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Terrorists Have Been All Too Effective by Air and Land. What If They Hit by Sea?

4 minute read
Admiral Stavridis (Ret.) was the 16th Supreme Allied Commander at NATO and is Vice Chair, Global Affairs at The Carlyle Group and Chair of the Board of the Rockefeller Foundation. He is the co-author of 2034: A Novel of the Next World War. His new nonfiction book is To Risk It All: Nine Conflicts and the Crucible of Decision

It has famously been said that the devastating 9/11 attacks were not a failure of intelligence but a failure of imagination. We simply were unable to conceive of al-Qaeda terrorists’ turning commercial aircraft into a sophisticated air-to-ground attack system, killing thousands and changing the course of world history. In trying to predict other looming disasters, we need to open the portals of our imagination, and–unfortunately–we should turn our gaze to the sea.

Terrorists have largely used aviation and ground attacks over the past decades, most often choosing to conduct their operations with guns and explosives. They continue to be obsessed with the idea of downing commercial airliners and have done so several times since 9/11, including bombing a Russian airliner full of tourists flying back from Egypt in the fall of 2015. More recently, vehicles such as commercial trucks have been used to mow down crowds in France, Sweden and the U.K. We are hardening our defenses both in airports and in large crowded spaces to meet these challenges.

But terrorists, including the Islamic State, al-Qaeda, al-Shabab in East Africa and Boko Haram in Nigeria, continue to seek out new and different ways to attack us. At sea, the target set is lucrative, with 50,000 ships carrying more than 90% of all international trade. There are perhaps 3 million people at sea most days, many on massive cruise liners, and our ports are laden with cargoes that wind through a complex system of docks, shipping nodes and railheads around the world.

Although the maritime world is a place where terrorists have punched below their weight, several horrific attacks have taken place at sea. The hijacking of cruise liner Achille Lauro in 1985 by the Palestine Liberation Front included the execution of a Jewish-American tourist, who was shot in his wheelchair and thrown overboard. Fifteen years later the U.S.S. Cole was attacked by a suicide boat driven by al-Qaeda mariners, killing 17 sailors and nearly sinking the billion-dollar ship.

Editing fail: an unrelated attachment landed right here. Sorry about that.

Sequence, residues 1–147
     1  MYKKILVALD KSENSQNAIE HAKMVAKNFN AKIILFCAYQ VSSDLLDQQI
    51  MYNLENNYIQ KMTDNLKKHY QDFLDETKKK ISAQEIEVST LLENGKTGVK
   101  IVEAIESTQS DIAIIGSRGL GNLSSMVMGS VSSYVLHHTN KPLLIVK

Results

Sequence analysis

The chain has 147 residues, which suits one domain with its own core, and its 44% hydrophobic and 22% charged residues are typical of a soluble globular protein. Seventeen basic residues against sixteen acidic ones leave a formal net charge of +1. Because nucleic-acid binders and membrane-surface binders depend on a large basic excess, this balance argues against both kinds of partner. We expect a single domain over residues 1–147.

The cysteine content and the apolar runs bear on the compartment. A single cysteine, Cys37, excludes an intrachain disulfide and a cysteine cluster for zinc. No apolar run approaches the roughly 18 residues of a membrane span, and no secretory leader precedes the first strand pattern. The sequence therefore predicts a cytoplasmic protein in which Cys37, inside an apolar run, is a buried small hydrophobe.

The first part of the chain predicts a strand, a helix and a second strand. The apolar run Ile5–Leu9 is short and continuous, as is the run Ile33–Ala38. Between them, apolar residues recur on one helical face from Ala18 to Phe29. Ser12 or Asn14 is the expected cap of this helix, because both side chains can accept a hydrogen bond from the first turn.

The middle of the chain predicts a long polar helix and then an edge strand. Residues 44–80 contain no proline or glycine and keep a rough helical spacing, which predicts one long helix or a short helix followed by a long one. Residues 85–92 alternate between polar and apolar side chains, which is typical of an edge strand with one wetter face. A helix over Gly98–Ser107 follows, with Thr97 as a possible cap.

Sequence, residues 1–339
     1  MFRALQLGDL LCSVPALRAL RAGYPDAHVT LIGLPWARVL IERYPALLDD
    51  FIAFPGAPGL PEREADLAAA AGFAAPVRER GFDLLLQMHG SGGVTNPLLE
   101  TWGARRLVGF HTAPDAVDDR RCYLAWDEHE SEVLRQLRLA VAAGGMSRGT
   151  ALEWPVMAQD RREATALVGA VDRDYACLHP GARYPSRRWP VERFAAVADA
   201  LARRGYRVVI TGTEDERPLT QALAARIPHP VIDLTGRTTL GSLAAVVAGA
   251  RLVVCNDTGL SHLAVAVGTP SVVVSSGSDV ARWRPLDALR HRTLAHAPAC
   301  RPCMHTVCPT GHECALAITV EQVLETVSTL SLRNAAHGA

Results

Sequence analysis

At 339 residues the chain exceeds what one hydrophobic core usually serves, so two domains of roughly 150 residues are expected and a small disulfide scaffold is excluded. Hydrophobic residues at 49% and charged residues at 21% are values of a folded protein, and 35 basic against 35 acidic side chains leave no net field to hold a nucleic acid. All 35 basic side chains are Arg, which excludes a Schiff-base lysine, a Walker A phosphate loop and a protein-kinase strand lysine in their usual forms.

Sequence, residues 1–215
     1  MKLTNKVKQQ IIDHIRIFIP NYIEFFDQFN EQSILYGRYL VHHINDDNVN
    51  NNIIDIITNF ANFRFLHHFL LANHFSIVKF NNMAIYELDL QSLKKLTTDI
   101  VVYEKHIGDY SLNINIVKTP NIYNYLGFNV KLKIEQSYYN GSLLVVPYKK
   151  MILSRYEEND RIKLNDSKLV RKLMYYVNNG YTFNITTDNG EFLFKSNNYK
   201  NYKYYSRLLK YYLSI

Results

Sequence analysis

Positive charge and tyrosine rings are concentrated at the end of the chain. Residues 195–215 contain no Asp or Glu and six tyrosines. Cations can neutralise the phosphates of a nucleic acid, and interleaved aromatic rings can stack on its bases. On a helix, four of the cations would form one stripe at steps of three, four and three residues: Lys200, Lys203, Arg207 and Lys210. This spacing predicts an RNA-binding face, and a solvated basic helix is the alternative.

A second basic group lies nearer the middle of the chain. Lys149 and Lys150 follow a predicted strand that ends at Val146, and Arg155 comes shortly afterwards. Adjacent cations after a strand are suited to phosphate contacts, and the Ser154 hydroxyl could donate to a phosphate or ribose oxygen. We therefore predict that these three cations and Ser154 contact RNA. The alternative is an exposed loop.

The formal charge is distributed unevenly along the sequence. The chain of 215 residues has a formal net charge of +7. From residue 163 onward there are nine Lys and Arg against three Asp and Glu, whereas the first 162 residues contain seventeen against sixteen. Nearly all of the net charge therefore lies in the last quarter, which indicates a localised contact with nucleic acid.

Top counterterrorism units from the FBI to SEAL Team 6 are working to respond to such attacks. But while the cruise industry, commercial shipping companies and governments around the world have increased efforts to make seas and ports safe over the past decade, there are still gaps in our readiness.

A nautical terrorist attack would likely involve one of two scenarios. The first is an attack on a passenger ship. Cruise liners are massive “cities at sea” that are lightly defended, travel on highly publicized schedules and carry large, unarmed, innocent populations. An attack on a cruise liner could be conducted by a suicide boat à la the Cole attack but using a bomb similar to the ones used in marketplaces in the Middle East. (There is always the truly dark threat of a weapon of mass destruction, perhaps supplied by a rogue state like North Korea.) A second scenario is the infliction of environmental or economic damage on a port or coast. Somali pirates alone can cost the global economy around $18 billion in a single year.

In order to bring our sea defenses up to speed, we must increase our surveillance and monitoring at sea and in the littorals and seaports. This will require vastly better private-public cooperation among shipping companies, cruise lines and the government, each of which holds a piece of the puzzle. We should set up a standing intelligence-review council of key maritime stakeholders. This group, with interagency actors from the U.S. and our partners and representatives from the nautical private sector, should think about the possible scenarios.

And we need to war-game possible attacks and devise standing responses. High-end special forces from both the U.S. and our partners have much to offer and have done a fair amount of work on this. We need to build up conventional law enforcement, the U.S. Coast Guard and private security guards on merchant ships and cruise liners. And, as we have in air and on the ground, we need drills to train people to respond.

Finally, we need to improve our maritime and security technology to help us track and see inside containers, increase the inspection rates at all ports, track small boats around vulnerable shipping and address any other gaps in our readiness. Terrorists have been too effective from the air and on the ground.

Admiral Stavridis, a retired NATO Supreme Allied Commander, is the author of Sea Power and The Leader’s Bookshelf

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